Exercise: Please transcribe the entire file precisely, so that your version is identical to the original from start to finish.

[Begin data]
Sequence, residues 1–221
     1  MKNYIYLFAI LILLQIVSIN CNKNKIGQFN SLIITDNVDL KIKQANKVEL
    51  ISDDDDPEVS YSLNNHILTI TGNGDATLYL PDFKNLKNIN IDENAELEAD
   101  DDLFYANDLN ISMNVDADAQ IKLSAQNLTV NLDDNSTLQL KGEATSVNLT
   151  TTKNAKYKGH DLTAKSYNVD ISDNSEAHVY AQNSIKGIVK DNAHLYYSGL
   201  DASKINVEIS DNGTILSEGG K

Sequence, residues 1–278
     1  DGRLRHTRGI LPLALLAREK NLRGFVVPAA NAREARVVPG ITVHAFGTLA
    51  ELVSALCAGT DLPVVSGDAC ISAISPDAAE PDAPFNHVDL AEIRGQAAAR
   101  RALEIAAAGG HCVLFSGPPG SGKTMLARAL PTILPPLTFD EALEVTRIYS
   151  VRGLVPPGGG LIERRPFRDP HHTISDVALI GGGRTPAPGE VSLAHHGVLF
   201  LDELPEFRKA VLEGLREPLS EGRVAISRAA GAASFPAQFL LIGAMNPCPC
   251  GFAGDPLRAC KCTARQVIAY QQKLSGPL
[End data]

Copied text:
Sequence, residues 1–221
     1  MKNYIYLFAI LILLQIVSIN CNKNKIGQFN SLIITDNVDL KIKQANKVEL
    51  ISDDDDPEVS YSLNNHILTI TGNGDATLYL PDFKNLKNIN IDENAELEAD
   101  DDLFYANDLN ISMNVDADAQ IKLSAQNLTV NLDDNSTLQL KGEATSVNLT
   151  TTKNAKYKGH DLTAKSYNVD ISDNSEAHVY AQNSIKGIVK DNAHLYYSGL
   201  DASKINVEIS DNGTILSEGG K

Sequence, residues 1–278
     1  DGRLRHTRGI LPLALLAREK NLRGFVVPAA NAREARVVPG ITVHAFGTLA
    51  ELVSALCAGT DLPVVSGDAC ISAISPDAAE PDAPFNHVDL AEIRGQAAAR
   101  RALEIAAAGG HCVLFSGPPG SGKTMLARAL PTILPPLTFD EALEVTRIYS
   151  VRGLVPPGGG LIERRPFRDP HHTISDVALI GGGRTPAPGE VSLAHHGVLF
   201  LDELPEFRKA VLEGLREPLS EGRVAISRAA GAASFPAQFL LIGAMNPCPC
   251  GFAGDPLRAC KCTARQVIAY QQKLSGPL